2008 Allen & Ginter base cards: I picked up 38 cards I needed for the set for 0nly 10 cents each. It could have been an even 40, but somehow I ended up with two Jermaine Dye cards and my Elijah Dukes card was somewhat mangled in transit to my home. I still need tons of these cards, though, especially SPs.

5 cent Cardinals cards!: I ended up with nearly 40 of these. The 5 cent box at one dealer's table ended up consuming by far the most time of what I had allotted for this day. To just highlight a few here, I found Cardinals cards with Jim Edmonds and Brett Tomko wearing retro uniforms that I'd never actually seen the team wear before. And there was an Edmonds faux-ticket card that is from the same set as a fascinating card I got from Dinged Corners a couple of months back. And then there was Larry Walker, looking more like a coach here than a player. Walker has been around the team as a coach/hitting guru the past couple of springs, so it would be nice to see him end up with a regular position one of these days should he choose it.

5 cent Blazers cards: I got a small handful of these, and this Gary Trent card is by far the most ridiculous of the batch. Basically, Trent is/was a ridiculous person, so the card design is very appropriate. Oddly enough, this is some rookie insert card, so it might have actually been sought after at one time.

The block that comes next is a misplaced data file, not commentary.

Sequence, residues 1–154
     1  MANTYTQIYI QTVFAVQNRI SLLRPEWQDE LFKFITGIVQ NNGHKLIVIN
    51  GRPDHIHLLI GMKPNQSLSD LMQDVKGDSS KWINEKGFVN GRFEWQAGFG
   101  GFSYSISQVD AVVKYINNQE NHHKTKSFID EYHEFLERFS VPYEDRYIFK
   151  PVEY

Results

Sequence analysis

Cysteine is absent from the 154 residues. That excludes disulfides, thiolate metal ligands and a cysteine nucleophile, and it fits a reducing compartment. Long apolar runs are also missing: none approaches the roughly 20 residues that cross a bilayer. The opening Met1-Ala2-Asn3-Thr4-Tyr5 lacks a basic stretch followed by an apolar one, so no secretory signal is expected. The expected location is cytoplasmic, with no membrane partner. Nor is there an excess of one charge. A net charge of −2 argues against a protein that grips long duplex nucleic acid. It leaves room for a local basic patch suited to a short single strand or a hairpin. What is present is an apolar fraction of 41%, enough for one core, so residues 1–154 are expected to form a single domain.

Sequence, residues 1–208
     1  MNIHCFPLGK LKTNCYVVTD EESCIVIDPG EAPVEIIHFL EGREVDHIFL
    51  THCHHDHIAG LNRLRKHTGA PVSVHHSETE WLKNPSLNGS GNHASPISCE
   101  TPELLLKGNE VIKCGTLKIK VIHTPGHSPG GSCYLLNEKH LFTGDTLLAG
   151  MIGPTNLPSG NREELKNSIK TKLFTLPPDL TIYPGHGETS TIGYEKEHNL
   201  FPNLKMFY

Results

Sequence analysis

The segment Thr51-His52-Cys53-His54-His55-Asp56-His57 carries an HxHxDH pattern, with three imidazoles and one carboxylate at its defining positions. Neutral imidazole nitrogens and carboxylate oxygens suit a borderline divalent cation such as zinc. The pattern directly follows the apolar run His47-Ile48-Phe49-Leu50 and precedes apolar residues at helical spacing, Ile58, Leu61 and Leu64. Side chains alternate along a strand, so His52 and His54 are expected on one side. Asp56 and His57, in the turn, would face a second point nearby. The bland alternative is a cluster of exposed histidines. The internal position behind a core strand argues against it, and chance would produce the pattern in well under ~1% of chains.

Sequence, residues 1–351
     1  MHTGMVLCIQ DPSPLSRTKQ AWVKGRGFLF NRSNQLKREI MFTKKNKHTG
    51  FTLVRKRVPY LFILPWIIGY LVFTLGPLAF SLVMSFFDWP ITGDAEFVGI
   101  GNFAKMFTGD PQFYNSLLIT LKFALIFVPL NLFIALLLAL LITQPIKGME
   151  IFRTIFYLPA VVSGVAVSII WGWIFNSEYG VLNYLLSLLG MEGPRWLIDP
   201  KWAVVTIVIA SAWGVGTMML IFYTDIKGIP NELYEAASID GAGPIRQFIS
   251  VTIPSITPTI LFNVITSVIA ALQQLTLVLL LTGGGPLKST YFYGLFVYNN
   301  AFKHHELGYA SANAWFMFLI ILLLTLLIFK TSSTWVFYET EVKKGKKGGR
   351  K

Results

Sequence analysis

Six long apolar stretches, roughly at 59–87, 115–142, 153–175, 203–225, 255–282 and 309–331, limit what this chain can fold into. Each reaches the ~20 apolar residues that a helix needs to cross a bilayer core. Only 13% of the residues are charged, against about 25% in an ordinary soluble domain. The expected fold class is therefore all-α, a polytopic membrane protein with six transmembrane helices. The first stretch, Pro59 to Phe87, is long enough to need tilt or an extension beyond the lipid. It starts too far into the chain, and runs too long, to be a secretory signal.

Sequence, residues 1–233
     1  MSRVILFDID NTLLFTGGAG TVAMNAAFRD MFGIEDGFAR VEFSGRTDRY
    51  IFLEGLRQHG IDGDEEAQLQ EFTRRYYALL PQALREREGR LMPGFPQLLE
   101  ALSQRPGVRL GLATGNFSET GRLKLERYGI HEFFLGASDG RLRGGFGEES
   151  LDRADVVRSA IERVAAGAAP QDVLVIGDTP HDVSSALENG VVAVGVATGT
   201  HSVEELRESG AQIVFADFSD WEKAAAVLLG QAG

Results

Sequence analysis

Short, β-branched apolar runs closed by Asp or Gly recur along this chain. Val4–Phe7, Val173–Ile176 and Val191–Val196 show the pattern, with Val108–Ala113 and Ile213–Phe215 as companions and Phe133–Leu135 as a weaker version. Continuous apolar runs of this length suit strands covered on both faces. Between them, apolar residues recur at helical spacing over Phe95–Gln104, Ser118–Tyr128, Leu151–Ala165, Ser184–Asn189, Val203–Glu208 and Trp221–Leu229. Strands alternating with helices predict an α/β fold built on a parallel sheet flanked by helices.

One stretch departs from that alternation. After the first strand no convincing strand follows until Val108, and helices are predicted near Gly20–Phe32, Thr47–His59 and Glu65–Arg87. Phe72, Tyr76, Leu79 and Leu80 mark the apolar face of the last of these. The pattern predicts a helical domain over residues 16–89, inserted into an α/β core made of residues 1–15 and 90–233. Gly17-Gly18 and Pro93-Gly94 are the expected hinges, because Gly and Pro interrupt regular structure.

Relic/Jersey cards: The guy with the 5 cent cards also had an entire box full of cheap game-used/autographed cards, which is something I had been looking for. I wanted to get a cheap card like this for someone I had traded with before, and I also hoped to find some interesting Cardinals stuff. They were all priced at $3 or 4 for $10, so I managed to pick out 4 cards. The first is the Taguchi card shown at the very top of this post. It was from So's rookie year, and I actually saw his first ever major league game in person, so he's a player that always sticks out in my mind. The card is also serial numbered (227/250) so at least in my mind it makes it a little nicer than some of the stuff you see in the regular Topps base sets that I end up buying these days. I also got a Tyler Greene autograph card, which I probably would have left had I not heard the news that he had been added to the 40-man roster just a few days ago. It's actually the first certified autograph that I've ever purchased. Finally, there's a Rolen jersey card (38/50) that unfortunately has a pretty chipped edge on the back of the card. I still felt like buying it.